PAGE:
Yet another week of unsettled weather at the Cape May Hawkwatch sponsored by Swarovski Optik. It seemed like each day produced a unique suite of weather conditions ranging from rainy cold fronts with NW winds, muggy summer-like temperatures, dense fog, and the remnants of Hurricane Zeta. Cape May is such an amazing birding location, because any time there is a major change in the weather, it means you never know what birds will show up as a result.
October 25th was perhaps the most surprising flight so far this season. The previous night, a cold front with a sizeable temperature drop and NW winds cleared the region. However, this front also came with a soaking rain that approached from the south. Shortly after daybreak, many raptors took to the skies, but coincidentally the rain began falling as well. Shockingly, despite the rain, the raptors continued to migrate all day long. The majority of the tallied migrants were the powerful fliers who can cut through the raindrops without much effort such as Northern Harriers and Merlins. We counted a new season high of 62 Northern Harriers that day. American Kestrels also put on a show with a whopping 142 counted. We even saw up to 9 American Kestrels perched on the lighthouse attempting to get out of the rain! Merlins also buzzed along the dunes giving us fantastic views as we huddled up and stayed dry under the south pavilion.
Five of the nine American Kestrels taking shelter on the leeward side of the lighthouse hoping to stay dry. (Photo by Erik Bruhnke)
October 27th was a much drier day with abundant sunshine. The winds were out of the NW and on paper it looked like it was going to be a great migration day. Fortunately, it lived up to our expectations as we notched the first Golden Eagle of the season. The same day also saw our largest total of Red-tailed Hawks of the season with 26. As we flip the calendar to November, Red-tailed Hawks along with Red-shouldered Hawks take center stage and become the most numerous migrants. We also expect to see more Golden Eagles in the final month of the count as well. Exciting times ahead at the hawkwatch!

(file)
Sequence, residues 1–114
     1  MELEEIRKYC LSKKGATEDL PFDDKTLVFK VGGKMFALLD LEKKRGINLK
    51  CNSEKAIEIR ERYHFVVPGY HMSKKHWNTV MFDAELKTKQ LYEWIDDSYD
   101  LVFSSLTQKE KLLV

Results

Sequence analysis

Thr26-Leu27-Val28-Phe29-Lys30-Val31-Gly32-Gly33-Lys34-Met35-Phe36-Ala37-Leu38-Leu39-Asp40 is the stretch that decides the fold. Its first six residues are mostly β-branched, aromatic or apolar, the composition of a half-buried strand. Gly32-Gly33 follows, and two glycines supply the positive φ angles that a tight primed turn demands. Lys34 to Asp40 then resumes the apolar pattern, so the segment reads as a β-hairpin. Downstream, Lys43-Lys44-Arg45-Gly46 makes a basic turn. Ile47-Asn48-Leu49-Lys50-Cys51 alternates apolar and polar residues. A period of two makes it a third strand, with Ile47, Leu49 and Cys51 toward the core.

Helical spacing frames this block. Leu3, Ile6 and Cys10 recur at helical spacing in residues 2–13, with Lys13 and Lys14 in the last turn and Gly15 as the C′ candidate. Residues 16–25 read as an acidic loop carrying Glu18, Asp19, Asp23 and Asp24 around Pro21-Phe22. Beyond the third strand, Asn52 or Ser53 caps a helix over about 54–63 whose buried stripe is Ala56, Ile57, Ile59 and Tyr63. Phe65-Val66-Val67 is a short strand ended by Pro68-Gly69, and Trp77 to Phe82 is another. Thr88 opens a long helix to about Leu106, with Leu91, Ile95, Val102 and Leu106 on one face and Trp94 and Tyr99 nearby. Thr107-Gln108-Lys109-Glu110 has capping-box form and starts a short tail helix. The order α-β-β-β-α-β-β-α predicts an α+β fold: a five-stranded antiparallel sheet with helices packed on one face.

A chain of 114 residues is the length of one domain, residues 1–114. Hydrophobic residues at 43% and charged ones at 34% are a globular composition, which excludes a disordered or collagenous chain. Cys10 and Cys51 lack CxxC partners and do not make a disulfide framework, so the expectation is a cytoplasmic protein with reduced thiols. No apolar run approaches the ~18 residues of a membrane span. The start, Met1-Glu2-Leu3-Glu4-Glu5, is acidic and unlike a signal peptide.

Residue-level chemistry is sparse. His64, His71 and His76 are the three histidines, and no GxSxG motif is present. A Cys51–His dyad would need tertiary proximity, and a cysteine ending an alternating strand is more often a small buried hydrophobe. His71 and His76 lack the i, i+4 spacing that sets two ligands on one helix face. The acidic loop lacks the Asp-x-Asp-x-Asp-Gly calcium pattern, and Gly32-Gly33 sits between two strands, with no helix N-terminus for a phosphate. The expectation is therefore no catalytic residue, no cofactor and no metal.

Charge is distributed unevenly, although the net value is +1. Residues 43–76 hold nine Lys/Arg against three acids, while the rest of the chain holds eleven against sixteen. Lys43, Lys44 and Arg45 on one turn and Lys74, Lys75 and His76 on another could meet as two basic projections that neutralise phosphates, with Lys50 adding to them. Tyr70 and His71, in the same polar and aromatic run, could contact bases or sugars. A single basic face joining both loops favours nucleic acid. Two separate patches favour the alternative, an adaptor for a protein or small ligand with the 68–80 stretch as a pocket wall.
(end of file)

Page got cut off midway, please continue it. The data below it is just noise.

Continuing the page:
Although the Golden Eagle was too far away to snag a photo, Bald Eagles are a great consolation prize as they are seen daily and usually much closer to the platform. They often harass Ospreys with recently caught fish in hopes the Osprey will drop the fish thus gifting the Bald Eagle a free meal. Here is a photo of a Bald Eagle in hot pursuit of a fish that was just dropped from an Osprey’s talons.
One of the most exciting finds this week was the highly anticipated arrival of Evening Grosbeaks into the Cape May area. A flock of 15 graced our presence early on the morning of October 27th much to the delight of all on the platform. In addition to the Grosbeaks, the third Common Raven of the season was seen being mobbed by an American Crow on October 27th. An unexpected surprise of 9 Cattle Egrets mixed in with a flock of Great Egrets were observed on October 27th. Other goodies this week included a Wilson’s Warbler and a Lincoln’s Sparrow on October 26th. Finally, a leucistic Yellow-rumped Warbler has been seen on-and-off this week along the dune trail and briefly made an appearance in front of the platform on October 24th.
Despite being pure white, this bird still retained yellow feathers on its sides and rump making the identification rather easy. An absolutely beautiful bird!
Thanks for reading!
By Jesse Amesbury